THE NERVOUS SYSTEM
· The nervous system detects and responds to change inside and outside the body.
· It controls many vital aspects of body function and maintain homeostasis.
· The nervous system has three main function.
· The nervous system consists of neurons, which conduct nerve impulses and are supported by unique connective tissue cells known as Neuroglia.
Sensory: The chemical messenger relay into the brain.
Integration: To analyse and process the sensory input.
Motor: To respond the message to appropriate organs.
Somatic nervous system (Voluntary): This system consists of sensory neurons that conducts
impulse from somatic and special sense receptors to the CNS and motor neurons
from the CNS to skeletal muscle.
Autonomic nervous system
(Involuntary): It contains sensory
neurons from motor neurons that convey impulses from CNS to skeletal muscle
tissue or different periphery and glands.
Example: Breath, Digestion, Heart rate etc.
Nervous system consists of two specific type of cells;
· Neurons are the fundamental units of the brain and nervous system, the cells that receive and sends message from the body to brain and back to the body.
· Each neuron consists of a cell body and its processes one axon and many dendrites.
· Neurons need continuous supply of O2 and glucose for their survival.
Axon and dendrites
· Axon and dendrites are extensions of cell bodies.
· Each nerve cell has only one axon, which begins at a lappered area of the cell body, that is called Axon Hillock.
· It carries impulses away from the cell body and are usually longer than the dendrites sometimes it is about 100cm long).
· The membrane of the axon is called Axolemma.
· Large axons and those of peripheral nerves are surrounded by a myelin sheath.
· The axon in covered by number of layers of Schwann cell plasma membrane.
· Between the layers of plasma membrane there is small amount fatty substance called myelin.
· The outer most layer of Schwann cell plasma membrane is the Neurilemma.
· It receives and carry impulses towards cell bodies.
· They have the same structure as axon but are usually shorter and branching.
· In motor neurons dendrites form part of synapse and in sensory neurons they form the sensory receptors that respond to specific stimuli.
· It is non-neuronal cells (doesn’t make neurons structure)
· Neuroglia cells provides mechanical and metabolic support to the neurons.
· These cells perform support roles for the neurons to ensure their survival.
· It is a star like appearance so that it called astrocytes.
· The cell body usually attached between blood capillary and neuron of the brain.
· The astrocytes regulate flow of ions, sugar, oxygen and carbon dioxide into and out of the neurons.
· Astrocytes prevents toxic substances from entering brain neurons.
· The ependymal cell usually cubed shaped.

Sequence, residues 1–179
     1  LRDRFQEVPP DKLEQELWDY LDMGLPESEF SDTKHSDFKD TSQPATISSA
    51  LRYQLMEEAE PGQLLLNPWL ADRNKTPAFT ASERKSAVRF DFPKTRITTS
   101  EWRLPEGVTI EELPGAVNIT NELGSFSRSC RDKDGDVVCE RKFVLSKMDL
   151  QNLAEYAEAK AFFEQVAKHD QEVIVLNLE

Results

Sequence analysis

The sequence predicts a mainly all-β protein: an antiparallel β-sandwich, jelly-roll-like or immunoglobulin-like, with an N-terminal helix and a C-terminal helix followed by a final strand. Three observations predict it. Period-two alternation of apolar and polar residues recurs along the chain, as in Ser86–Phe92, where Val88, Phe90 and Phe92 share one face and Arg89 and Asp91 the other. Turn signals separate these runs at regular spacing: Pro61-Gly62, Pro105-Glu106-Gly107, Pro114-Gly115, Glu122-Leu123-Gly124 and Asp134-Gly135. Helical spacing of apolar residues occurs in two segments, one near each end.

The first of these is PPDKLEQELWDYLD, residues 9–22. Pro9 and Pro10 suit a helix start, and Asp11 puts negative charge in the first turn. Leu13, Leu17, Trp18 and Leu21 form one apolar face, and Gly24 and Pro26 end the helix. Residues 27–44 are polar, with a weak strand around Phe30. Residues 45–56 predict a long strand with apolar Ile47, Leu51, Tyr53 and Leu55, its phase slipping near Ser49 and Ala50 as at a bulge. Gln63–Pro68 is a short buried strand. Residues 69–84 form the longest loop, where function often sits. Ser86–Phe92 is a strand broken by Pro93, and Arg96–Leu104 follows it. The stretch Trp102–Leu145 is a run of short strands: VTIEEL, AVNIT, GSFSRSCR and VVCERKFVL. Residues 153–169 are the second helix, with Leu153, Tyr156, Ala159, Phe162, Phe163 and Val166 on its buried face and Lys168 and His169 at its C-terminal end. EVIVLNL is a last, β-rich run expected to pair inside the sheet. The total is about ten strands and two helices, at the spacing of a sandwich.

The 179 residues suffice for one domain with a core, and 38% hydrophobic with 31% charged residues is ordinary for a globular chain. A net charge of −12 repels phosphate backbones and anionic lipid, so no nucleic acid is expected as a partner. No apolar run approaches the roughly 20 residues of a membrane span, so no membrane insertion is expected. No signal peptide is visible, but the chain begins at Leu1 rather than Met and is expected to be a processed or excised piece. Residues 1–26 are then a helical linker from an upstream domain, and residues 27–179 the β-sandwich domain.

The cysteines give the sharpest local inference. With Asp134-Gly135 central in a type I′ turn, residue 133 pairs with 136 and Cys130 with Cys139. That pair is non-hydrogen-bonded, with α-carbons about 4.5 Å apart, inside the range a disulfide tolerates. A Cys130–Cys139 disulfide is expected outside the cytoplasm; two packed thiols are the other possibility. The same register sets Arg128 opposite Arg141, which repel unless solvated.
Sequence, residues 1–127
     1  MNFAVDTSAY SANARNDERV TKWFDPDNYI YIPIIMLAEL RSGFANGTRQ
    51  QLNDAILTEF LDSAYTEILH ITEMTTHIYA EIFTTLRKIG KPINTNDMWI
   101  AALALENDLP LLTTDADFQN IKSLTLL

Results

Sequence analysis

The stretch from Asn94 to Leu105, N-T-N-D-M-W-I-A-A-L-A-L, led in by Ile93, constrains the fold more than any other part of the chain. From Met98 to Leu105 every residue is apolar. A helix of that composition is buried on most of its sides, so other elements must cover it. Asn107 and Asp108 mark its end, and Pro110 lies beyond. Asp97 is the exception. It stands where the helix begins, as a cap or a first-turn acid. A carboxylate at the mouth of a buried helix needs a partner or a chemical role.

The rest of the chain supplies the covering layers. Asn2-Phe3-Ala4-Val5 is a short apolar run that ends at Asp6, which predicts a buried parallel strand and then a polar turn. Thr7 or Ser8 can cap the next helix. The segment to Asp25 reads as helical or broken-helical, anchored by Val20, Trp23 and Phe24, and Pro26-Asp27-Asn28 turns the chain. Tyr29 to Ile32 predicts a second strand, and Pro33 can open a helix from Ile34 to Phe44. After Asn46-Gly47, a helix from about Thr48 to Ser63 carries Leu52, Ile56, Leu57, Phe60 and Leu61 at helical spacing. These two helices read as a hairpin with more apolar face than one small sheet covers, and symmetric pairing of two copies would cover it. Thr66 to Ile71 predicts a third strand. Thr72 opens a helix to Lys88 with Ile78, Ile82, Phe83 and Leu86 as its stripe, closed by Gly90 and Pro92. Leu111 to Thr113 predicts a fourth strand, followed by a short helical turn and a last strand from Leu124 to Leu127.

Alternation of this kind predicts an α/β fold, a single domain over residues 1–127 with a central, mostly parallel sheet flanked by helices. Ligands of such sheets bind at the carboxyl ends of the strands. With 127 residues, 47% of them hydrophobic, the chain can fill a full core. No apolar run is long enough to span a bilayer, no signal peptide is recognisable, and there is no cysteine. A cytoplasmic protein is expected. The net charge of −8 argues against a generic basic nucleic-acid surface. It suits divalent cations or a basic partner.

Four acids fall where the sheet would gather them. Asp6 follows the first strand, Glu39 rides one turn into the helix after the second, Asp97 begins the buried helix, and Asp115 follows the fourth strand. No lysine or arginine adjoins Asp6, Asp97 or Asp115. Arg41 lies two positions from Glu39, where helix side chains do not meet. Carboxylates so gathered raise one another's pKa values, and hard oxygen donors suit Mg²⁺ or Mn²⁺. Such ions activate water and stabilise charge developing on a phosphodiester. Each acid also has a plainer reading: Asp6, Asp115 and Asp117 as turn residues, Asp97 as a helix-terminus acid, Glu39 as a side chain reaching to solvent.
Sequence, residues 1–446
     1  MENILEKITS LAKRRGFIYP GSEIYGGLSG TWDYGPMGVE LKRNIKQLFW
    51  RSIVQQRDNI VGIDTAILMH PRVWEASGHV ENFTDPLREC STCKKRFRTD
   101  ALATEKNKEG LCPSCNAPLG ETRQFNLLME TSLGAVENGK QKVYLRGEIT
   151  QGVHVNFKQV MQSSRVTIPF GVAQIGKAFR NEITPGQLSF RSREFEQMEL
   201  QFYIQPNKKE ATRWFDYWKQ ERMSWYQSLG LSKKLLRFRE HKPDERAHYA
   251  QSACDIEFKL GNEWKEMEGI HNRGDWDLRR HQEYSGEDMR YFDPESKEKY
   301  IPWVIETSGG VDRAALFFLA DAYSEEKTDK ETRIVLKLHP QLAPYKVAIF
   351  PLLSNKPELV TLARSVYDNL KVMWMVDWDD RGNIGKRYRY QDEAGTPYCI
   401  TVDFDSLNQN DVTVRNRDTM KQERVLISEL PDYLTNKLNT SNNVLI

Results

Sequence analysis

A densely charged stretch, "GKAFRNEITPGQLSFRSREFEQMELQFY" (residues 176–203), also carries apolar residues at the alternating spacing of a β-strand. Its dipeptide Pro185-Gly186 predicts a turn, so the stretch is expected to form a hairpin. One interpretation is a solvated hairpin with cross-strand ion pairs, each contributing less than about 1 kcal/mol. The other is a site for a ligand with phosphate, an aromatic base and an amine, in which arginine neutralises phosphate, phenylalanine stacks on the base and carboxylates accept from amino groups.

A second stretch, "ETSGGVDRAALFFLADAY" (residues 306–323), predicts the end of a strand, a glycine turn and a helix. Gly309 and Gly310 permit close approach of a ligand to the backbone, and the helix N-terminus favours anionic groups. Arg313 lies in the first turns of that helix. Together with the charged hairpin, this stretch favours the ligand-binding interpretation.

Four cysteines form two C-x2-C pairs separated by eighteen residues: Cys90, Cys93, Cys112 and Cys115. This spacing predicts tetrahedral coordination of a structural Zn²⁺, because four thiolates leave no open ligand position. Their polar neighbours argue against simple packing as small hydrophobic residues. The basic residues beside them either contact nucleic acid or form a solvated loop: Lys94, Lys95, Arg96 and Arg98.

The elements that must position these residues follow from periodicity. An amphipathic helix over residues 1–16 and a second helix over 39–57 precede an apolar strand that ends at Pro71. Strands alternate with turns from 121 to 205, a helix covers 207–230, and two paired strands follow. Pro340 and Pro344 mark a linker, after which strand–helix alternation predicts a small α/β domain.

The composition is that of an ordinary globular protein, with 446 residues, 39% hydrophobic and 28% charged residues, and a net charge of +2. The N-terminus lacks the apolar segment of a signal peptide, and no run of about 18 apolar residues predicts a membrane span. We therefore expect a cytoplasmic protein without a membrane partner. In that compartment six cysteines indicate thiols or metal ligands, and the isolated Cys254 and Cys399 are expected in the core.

· These cells are ciliated-epithelial glial cells lining the spinal cord and cerebral ventricles.
· It produces cerebrospinal fluid.
· It protects the brain and spinal cord both mechanically and immunologically.
· Ependymal cell contains cilia that helps to circulate cerebrospinal fluid.
· Microglial cell is a smallest neuroglial cell and able to migrate around the CNS.
· It supports neuron by phagocytosis of bacterial cells and dead cell debris.
· These are the myelinating cells of the central nervous system.
· They provide insulating layers of the myelin around the axon within the brain and spinal cord.
· The PNS contain neuroglial cell as well as Schwann cells.
· It forms a covering called myelin sheath around the axons.
· They perform the same role as the oligodendrocytes found in the CNS.
· These are the small glial cell that surround neurons sensory ganglia in the ANS.
· PNS satellite glia cells are very sensitive to injury and exacerbate pathological pain.
· It gives protection to the neuron cells.
· it includes measurement of the electrical activity of the neurons or action potential.
· It indicates the flow of ions in biological tissues.
· The cell membrane of every cell contains ion that are present inside and outside of the membrane.
· Na+ ion have high concentration at outside the cell so it is called extracellular ion.
· K+ ion have high concentration at inside the cell so it is called intracellular ion.
· At resting state: The ions are flows by the concentration gradient (Higher to lower) and becomes polarized.
· Due to change in concentration of ion at inside and outside the cells it develops potential difference.
· At resting state, it is -70mv (Resting potential).
· When a stimulus arises in neurons it changes the resting membrane potential and it became depolarization.
· Example, temperature, pressure, chemical etc.
· The stimulus changes resting potential (-70mv) to -55mv then it is called threshold potential.
· When the stimulus achieved at threshold potential it open Na+ channel. Due to high concentration of Na+ ions are entering inside the cell. There are change f chare become positive that is called depolarization.
· At the same time K+ channel also open and outflux of K+ ions. Again, change charged to (-ve). It is called repolarization.
Na+ channel open
Influx of Na+ ion
At the same time
K+ channel open
Outflux of K+ ion
· It is a signal that transmitted along a nerve fibre.
· The information or stimulus that is transfer through the neurons.
· It transmitted through axon by propagation of action potential.
· Receptors are the macro molecules made up with proteins, which are those binding sites where the neurotransmitter binds.
· Neurotransmitter receptor are present in post synaptic membrane.
· There are two types of neurotransmitter receptors
i. Ionotropic receptor
ii. Metabotropic receptor
Ionotropic receptor (Ligand-gated-ion-channel)
· When neurotransmitter attached to their site it open or close ion channel according to NT nature.
Metabotropic receptor (G Protein Coupled Receptor)
· When neurotransmitter attached with receptors will open or close ion channel or direct or by indirectly (through secondary messenger)
· The junctions of two neurons where the information is passed to the next.
Types of synapse